Investigators on Sunday ordered an autopsy to determine the cause of death of former Tour de France champion Marco Pantani who was found in a hotel room in central Italy with sedatives near his bed.
The cause of death of the 34-year-old rider was not immediately known but investigators ruled out violence.
Magistrate Paolo Gengarelli told reporters on Sunday that there were no illegal drugs in the room but tranquillizers were found near the body and in the kitchen section.
Pantani, who had been suffering from depression, was found dead in a hotel in the Adriatic coastal resort city of Rimini late on Saturday.
Gengarelli also said Pantani had written what he called “some thoughts” on hotel stationery but it was not a farewell note.
He said the rider had effectively secluded himself in the room for five days, leaving it only for breakfast.
Pantani, nicknamed ‘The Pirate’ because of his trademark shaved head and bandana, won the Giro d’Italia and the Tour in 1998 but his career was later blighted by doping accusations.
His death shocked the cycling world. The headline in the Italian sports daily Gazzetta dello Sport said it all: “Lost Hero, We Adored You”.
Spain’s five-time Tour de France winner Miguel Indurain described Pantani as a “tragic genius”.
“Apart from his undeniable quality as a rider, he got people hooked on the sport,” Indurain said of the specialist climber in the Spanish sports daily Marca. “There may be riders who have achieved more than him, but they never succeeded in drawing in the fans like he did.”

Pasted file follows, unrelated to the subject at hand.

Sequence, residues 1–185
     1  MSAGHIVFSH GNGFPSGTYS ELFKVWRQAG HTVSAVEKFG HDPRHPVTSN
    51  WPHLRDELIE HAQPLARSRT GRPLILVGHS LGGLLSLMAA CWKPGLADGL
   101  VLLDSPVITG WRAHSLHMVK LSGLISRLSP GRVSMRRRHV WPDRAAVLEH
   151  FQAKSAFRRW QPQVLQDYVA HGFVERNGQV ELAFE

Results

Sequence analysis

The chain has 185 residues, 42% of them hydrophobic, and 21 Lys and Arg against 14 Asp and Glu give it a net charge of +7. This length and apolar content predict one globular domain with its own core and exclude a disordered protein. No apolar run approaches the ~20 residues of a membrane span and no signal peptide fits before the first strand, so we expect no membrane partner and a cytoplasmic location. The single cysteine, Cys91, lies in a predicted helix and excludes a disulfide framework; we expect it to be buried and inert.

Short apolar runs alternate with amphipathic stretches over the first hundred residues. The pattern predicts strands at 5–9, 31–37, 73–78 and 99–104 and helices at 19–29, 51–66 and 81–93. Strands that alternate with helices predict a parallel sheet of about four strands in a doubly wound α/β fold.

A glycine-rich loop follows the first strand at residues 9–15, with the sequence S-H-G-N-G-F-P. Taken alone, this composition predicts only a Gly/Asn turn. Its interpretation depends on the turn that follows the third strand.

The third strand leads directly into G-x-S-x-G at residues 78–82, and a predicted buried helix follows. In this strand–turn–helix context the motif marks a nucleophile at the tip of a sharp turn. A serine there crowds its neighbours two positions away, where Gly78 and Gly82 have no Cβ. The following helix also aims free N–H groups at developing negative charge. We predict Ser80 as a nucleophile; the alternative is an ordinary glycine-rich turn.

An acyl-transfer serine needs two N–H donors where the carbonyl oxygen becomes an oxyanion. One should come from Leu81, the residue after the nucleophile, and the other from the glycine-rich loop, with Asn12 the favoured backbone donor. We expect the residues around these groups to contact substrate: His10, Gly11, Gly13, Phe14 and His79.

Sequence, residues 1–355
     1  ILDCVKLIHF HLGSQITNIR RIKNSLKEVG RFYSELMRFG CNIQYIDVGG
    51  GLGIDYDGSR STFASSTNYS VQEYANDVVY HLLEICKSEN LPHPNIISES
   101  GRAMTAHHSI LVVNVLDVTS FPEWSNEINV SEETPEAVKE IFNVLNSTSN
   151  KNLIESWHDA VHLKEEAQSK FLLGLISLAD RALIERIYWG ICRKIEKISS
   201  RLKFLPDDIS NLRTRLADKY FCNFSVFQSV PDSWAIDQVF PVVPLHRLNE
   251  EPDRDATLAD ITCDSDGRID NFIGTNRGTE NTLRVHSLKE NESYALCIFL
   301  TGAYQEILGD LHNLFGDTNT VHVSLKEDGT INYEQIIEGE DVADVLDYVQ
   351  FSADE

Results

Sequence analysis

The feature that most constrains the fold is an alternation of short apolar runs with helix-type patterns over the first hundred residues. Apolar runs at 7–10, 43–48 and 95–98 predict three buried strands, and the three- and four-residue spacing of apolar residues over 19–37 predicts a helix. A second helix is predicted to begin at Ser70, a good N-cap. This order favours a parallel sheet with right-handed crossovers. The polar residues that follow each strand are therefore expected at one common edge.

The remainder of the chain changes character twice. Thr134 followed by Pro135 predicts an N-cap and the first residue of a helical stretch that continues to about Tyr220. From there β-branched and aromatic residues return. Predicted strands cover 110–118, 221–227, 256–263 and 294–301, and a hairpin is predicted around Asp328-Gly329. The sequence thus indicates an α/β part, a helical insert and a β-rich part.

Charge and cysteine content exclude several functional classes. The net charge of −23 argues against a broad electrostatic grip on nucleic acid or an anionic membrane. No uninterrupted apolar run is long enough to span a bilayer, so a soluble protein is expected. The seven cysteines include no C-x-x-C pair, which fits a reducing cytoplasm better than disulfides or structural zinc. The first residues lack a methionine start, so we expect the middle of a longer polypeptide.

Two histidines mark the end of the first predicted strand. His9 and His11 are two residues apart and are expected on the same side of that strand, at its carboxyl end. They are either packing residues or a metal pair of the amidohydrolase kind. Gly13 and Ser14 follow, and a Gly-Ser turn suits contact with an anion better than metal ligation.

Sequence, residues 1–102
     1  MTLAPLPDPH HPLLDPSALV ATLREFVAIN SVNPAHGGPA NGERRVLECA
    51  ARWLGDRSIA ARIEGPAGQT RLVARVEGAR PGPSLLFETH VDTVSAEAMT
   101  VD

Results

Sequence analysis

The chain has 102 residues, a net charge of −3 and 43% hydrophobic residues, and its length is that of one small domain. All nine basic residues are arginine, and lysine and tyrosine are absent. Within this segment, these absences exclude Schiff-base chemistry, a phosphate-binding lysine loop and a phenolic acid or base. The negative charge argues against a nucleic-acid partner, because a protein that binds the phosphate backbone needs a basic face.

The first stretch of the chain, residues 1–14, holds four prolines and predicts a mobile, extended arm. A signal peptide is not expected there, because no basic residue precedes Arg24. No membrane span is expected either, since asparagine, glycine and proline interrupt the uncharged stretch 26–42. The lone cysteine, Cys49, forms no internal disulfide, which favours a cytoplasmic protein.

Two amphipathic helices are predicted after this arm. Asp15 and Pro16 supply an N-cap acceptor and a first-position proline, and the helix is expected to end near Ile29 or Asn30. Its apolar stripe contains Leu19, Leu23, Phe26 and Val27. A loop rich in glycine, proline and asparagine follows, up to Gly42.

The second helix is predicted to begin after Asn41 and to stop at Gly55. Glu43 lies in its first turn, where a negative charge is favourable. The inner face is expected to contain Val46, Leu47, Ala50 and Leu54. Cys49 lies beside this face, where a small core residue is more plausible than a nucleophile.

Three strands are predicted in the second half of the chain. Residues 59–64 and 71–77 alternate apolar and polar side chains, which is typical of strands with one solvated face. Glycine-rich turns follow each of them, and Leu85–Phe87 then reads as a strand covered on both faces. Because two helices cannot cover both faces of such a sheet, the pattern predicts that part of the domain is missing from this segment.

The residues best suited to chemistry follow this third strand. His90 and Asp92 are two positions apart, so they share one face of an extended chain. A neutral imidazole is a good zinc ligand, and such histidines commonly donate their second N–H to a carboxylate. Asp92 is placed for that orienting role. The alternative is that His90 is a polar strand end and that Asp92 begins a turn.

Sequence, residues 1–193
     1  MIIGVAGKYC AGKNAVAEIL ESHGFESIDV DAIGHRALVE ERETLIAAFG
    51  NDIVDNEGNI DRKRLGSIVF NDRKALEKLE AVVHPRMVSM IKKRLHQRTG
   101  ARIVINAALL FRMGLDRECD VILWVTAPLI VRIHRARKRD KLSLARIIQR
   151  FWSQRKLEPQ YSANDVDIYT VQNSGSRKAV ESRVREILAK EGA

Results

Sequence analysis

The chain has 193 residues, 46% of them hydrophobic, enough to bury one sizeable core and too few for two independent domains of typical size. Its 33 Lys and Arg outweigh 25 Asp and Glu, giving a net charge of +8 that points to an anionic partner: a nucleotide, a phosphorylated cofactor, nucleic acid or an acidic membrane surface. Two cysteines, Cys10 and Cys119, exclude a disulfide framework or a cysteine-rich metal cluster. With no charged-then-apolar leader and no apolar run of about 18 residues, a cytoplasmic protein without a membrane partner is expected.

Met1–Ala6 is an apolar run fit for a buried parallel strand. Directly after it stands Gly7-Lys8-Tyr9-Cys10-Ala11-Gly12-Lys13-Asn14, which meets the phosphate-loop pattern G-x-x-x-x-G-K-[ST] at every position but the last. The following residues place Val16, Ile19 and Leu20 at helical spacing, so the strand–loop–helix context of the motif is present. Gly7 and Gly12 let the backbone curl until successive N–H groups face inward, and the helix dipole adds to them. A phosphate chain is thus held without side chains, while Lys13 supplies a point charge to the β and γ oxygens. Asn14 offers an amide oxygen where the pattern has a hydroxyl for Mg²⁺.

Pantani made his name in 1995 by daring to attack Indurain in the mountain stages of the Giro and the Tour.
“What I liked about him was his explosive power in the mountains — he knew how to attack, but also had the ability to sustain his form,” Indurain said. “I also admired his reserved character, his way of behaving during the race — it was something that made him different to the rest.”
The Spaniard said that Pantani’s career had been scarred by the controversy surrounding the 1999 Giro d’Italia when he was thrown out of the race for failing a test for hematocrit — an indicator, though not proof of the use of performance-enhancing drugs.
“When he had the test for hematocrit he was eventually only banned for 15 days, but it ended up complicating his whole life and he was never able to get over it. He was never the same again,” Indurain said.
Pantani was also banned in 2002 for using insulin during the previous year’s Giro.
He rode in the 2003 Giro, finishing 14th, an impressive performance given that he had crashed on the 11th stage and then fought back to finish. Nonetheless, the performance was far below his own expectations and Pantani stopped competing. He was later treated in a drugs and depression clinic.
Reuters contributed to this story
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